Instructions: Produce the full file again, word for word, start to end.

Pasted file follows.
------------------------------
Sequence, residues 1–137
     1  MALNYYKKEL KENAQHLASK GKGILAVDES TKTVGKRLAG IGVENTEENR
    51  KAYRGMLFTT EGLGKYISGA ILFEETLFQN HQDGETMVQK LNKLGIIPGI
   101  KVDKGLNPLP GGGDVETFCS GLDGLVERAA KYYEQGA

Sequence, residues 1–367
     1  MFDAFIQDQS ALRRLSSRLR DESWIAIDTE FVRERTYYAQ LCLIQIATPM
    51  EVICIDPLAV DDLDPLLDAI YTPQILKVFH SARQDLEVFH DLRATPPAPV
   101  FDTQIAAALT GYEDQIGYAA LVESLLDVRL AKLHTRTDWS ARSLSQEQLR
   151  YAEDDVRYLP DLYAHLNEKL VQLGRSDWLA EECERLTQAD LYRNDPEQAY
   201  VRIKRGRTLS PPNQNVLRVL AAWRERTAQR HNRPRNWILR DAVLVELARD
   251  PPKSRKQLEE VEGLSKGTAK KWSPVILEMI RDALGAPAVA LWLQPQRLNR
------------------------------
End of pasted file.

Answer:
Sequence, residues 1–137
     1  MALNYYKKEL KENAQHLASK GKGILAVDES TKTVGKRLAG IGVENTEENR
    51  KAYRGMLFTT EGLGKYISGA ILFEETLFQN HQDGETMVQK LNKLGIIPGI
   101  KVDKGLNPLP GGGDVETFCS GLDGLVERAA KYYEQGA

Sequence, residues 1–367
     1  MFDAFIQDQS ALRRLSSRLR DESWIAIDTE FVRERTYYAQ LCLIQIATPM
    51  EVICIDPLAV DDLDPLLDAI YTPQILKVFH SARQDLEVFH DLRATPPAPV
   101  FDTQIAAALT GYEDQIGYAA LVESLLDVRL AKLHTRTDWS ARSLSQEQLR
   151  YAEDDVRYLP DLYAHLNEKL VQLGRSDWLA EECERLTQAD LYRNDPEQAY
   201  VRIKRGRTLS PPNQNVLRVL AAWRERTAQR HNRPRNWILR DAVLVELARD
   251  PPKSRKQLEE VEGLSKGTAK KWSPVILEMI RDALGAPAVA LWLQPQRLNR